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There a quite a few diaries on the rec list discussing the horrible oil spill.  It is a disaster and our environment will suffer for it.  There are also diaries on Obama's statement.

"President Barack Obama on Friday directed that no new offshore oil drilling leases be issued unless rigs have new safeguards to prevent a repeat of the explosion that unleashed the massive spill threatening the Gulf Coast with major environmental damage." - HuffingtonPost

My diary is on something different.  It's about how do we wean ourselves off oil.  

We are all outraged but should we be?  We have oil rigs sitting off our shores because we as American's cannot be bothered to cut down on our consumption.

This is neither a Democrat nor Republican issue because all American's use up a larger portion of oil consumption than anyone else in the world.

Here are some questions to think about?

How many cars do your family own?
Do you really (and I mean really need more than one car)?
How likely are you to use alternative modes of transportation to get to the store for errands?
Would you consider a carpool?
Do you drive an electric or hybrid car?
Do you drive a car with more seats in it than you have members of your family?
Would you support high gasoline taxes to discourage driving?
Would you consider downsizing and moving closer to work in order to be able to walk?

For full disclosure, I haven't owned a car in close to a decade.  I have lived in cities (SF, NYC, London) where having a car was not necessary.  At first I missed my car but as time went by I realized that I didn't really need one.  Sure public transport is annoying.  Don't get me started on the rude people on the underground in London.  But it's actually faster and I get some exercise for my very lazy arse walk to and from the station.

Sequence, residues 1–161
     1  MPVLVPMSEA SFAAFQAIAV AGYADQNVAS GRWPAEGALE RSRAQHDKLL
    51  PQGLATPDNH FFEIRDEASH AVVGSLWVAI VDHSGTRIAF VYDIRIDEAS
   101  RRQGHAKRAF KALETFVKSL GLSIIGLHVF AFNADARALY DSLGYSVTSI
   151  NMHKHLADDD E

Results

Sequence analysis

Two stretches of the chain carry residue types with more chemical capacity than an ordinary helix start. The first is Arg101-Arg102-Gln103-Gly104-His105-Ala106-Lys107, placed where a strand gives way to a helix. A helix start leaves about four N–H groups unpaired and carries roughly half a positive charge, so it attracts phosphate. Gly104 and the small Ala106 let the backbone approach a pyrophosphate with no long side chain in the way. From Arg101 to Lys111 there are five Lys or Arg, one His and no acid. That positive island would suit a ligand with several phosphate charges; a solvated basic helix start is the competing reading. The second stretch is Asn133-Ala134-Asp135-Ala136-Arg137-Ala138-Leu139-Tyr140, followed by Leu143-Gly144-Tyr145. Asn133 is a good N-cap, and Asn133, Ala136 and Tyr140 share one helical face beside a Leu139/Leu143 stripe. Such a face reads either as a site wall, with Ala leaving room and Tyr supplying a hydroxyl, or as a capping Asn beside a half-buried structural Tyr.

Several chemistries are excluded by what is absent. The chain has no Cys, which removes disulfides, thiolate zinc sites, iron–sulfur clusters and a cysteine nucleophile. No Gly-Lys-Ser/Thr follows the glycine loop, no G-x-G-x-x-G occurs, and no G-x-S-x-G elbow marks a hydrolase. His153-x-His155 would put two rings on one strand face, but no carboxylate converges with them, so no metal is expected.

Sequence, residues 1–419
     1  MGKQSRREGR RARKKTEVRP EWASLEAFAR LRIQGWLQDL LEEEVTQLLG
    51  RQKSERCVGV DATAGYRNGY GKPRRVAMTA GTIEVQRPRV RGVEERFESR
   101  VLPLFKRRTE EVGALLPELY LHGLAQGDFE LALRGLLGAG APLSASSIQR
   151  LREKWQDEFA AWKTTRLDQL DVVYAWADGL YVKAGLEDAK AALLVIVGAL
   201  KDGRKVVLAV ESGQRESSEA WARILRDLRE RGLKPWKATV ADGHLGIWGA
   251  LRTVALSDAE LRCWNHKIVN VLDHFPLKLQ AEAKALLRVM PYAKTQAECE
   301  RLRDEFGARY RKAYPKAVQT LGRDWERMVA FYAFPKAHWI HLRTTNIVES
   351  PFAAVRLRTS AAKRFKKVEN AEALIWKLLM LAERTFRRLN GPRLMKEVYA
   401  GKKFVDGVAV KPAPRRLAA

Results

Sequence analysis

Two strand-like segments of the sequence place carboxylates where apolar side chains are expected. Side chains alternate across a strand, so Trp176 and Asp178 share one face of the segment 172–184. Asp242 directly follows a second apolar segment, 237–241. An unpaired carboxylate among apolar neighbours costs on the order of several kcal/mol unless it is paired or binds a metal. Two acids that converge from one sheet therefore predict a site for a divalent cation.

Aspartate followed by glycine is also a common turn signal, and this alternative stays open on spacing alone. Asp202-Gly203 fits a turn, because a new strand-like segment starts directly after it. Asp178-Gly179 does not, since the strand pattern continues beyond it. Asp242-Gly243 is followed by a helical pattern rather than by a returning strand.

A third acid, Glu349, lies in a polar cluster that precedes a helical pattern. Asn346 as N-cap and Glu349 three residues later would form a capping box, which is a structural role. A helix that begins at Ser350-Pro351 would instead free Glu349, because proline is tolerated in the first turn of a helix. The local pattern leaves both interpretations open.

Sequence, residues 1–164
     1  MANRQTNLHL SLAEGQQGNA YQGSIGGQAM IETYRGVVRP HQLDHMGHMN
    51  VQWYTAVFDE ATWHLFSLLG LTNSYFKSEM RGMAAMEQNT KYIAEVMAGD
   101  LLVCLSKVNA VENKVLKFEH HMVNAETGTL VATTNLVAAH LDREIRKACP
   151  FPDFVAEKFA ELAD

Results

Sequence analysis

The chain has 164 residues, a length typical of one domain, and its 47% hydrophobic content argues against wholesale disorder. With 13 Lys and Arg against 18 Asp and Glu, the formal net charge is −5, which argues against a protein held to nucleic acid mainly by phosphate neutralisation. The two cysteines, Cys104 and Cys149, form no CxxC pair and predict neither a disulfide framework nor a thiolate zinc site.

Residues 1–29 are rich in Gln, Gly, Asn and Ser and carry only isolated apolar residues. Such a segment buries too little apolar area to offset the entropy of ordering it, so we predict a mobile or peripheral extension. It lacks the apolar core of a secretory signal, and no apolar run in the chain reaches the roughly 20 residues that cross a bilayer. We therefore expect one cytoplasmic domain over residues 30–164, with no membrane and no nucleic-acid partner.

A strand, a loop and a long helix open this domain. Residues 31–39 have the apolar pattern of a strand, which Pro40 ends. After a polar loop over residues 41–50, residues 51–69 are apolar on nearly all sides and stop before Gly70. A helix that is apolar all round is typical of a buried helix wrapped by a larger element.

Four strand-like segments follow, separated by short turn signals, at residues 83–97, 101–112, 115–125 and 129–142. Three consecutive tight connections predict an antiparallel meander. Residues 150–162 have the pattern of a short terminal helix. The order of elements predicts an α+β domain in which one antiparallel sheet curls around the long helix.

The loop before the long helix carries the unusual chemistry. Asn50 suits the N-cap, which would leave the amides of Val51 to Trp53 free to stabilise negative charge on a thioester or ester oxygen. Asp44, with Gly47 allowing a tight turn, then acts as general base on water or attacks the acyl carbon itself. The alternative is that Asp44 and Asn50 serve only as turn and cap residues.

I actually support super high gasoline taxes.  American’s complain about the cost of gas but it isn’t anything compared to European countries.  European’s think we are silly to complain about high gas prices.  They also drive much smaller cars.

I also support public transportation.  It’s a great way to get caught up on books and newspapers.  I do like compressing on the tube by reading a good book.  

We are also giving our money to a bunch of people who don’t like us.  I can’t think of a better reason to lower my consumption if it means fewer wars.

I think we (and I mean all of us) really need to sit down and think about ways that we can change our lifestyles.  That means maybe cutting down on how much we drive.  Maybe invest in a green technology, not because we are getting a government subsidy, but because it’s the right thing to do.  I think one of the big problems with green technology isn’t the lack of it but the lack of people willing to put their money where their mouths are.

So while it’s good for our government to support alternative forms of energy, it’s also up to us to make sure we aren’t part of the problem and more of a collation looking for a better way.  We can’t complain about off shore drilling and then drive our 2 SUV’s to the grocery store two blocks away.